Celebrating Indigenous Storywork as Pedagogy and Methodology

On May 10, 2018, the Department of Educational Studies (EDST) hosted the 2018 Education Studies Symposium entitled, Conversations with Jo-ann Archibald about Indigenous Storywork as Pedagogy and Methodology. UBC faculty, staff, and students gathered alongside members from the outside educational community at the First Nations Longhouse on UBC’s Vancouver campus to engage in critical dialogue regarding the challenges and successes of using Indigenous storywork as pedagogy and methodology.

The day also served as a celebration of not only Indigenous storywork within research and educational contexts, but of Q’um Q’um Xiiem, Jo-ann Archibald’s legacy and enduring contributions to the educational community.

The day began with a message of acknowledgment from Musqueam Elder Jewel Thomas, who welcomed participants to share in the learning provided by the traditional, ancestral, and unceded land of Musqueam. Participants then heard from a number of speakers who shared stories and knowledge about the creative and transformative power of storywork within research and education. This included Q’um Q’um Xiiem, Jo-ann Archibald (professor emeritus, EDST), Brad Baker (District Principal of Aboriginal Education for the North Vancouver District School Board), Dr. Amy Parent (Faculty of Education, SFU), Dr. Cash Ahenakew (EDST), and Dr. Michael Marker (EDST). Current EDST graduate students Melanie Nelson and Sam Tsuruda moderated conversations to guide and summarize the day’s learning.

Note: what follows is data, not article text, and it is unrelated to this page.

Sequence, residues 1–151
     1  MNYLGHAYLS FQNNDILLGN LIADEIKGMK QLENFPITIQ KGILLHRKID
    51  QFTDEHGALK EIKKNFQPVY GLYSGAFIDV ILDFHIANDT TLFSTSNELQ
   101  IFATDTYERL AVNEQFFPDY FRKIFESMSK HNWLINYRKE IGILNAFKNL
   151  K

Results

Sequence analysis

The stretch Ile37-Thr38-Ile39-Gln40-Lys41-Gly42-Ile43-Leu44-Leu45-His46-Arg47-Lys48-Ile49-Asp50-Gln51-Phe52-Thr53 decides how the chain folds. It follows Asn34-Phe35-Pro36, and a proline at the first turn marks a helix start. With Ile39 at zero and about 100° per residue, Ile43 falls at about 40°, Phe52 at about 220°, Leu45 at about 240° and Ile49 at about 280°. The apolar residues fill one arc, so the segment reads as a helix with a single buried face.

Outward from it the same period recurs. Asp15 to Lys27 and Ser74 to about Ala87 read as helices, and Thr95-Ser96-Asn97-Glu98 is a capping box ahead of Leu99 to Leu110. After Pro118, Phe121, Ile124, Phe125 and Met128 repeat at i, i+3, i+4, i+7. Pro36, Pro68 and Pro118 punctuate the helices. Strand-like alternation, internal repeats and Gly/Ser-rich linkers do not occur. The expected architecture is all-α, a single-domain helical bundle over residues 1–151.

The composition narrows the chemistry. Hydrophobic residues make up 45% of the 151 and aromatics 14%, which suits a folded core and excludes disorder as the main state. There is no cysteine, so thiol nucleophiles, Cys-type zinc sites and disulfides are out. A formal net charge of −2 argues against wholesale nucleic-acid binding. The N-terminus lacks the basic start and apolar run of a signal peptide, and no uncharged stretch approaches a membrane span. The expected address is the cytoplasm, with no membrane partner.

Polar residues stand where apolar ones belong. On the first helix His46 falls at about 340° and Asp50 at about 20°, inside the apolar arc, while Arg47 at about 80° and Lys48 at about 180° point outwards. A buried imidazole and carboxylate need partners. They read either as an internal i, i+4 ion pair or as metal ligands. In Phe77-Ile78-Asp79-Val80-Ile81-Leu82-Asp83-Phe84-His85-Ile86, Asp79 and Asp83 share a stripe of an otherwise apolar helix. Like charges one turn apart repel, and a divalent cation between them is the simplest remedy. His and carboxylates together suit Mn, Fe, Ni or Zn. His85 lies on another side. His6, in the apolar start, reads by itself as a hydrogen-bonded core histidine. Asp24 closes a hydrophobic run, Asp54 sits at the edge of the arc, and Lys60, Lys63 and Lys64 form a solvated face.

Thank you to everyone who participated in the event.

For more information on the event and to view the bio’s of speakers please visit the event page here.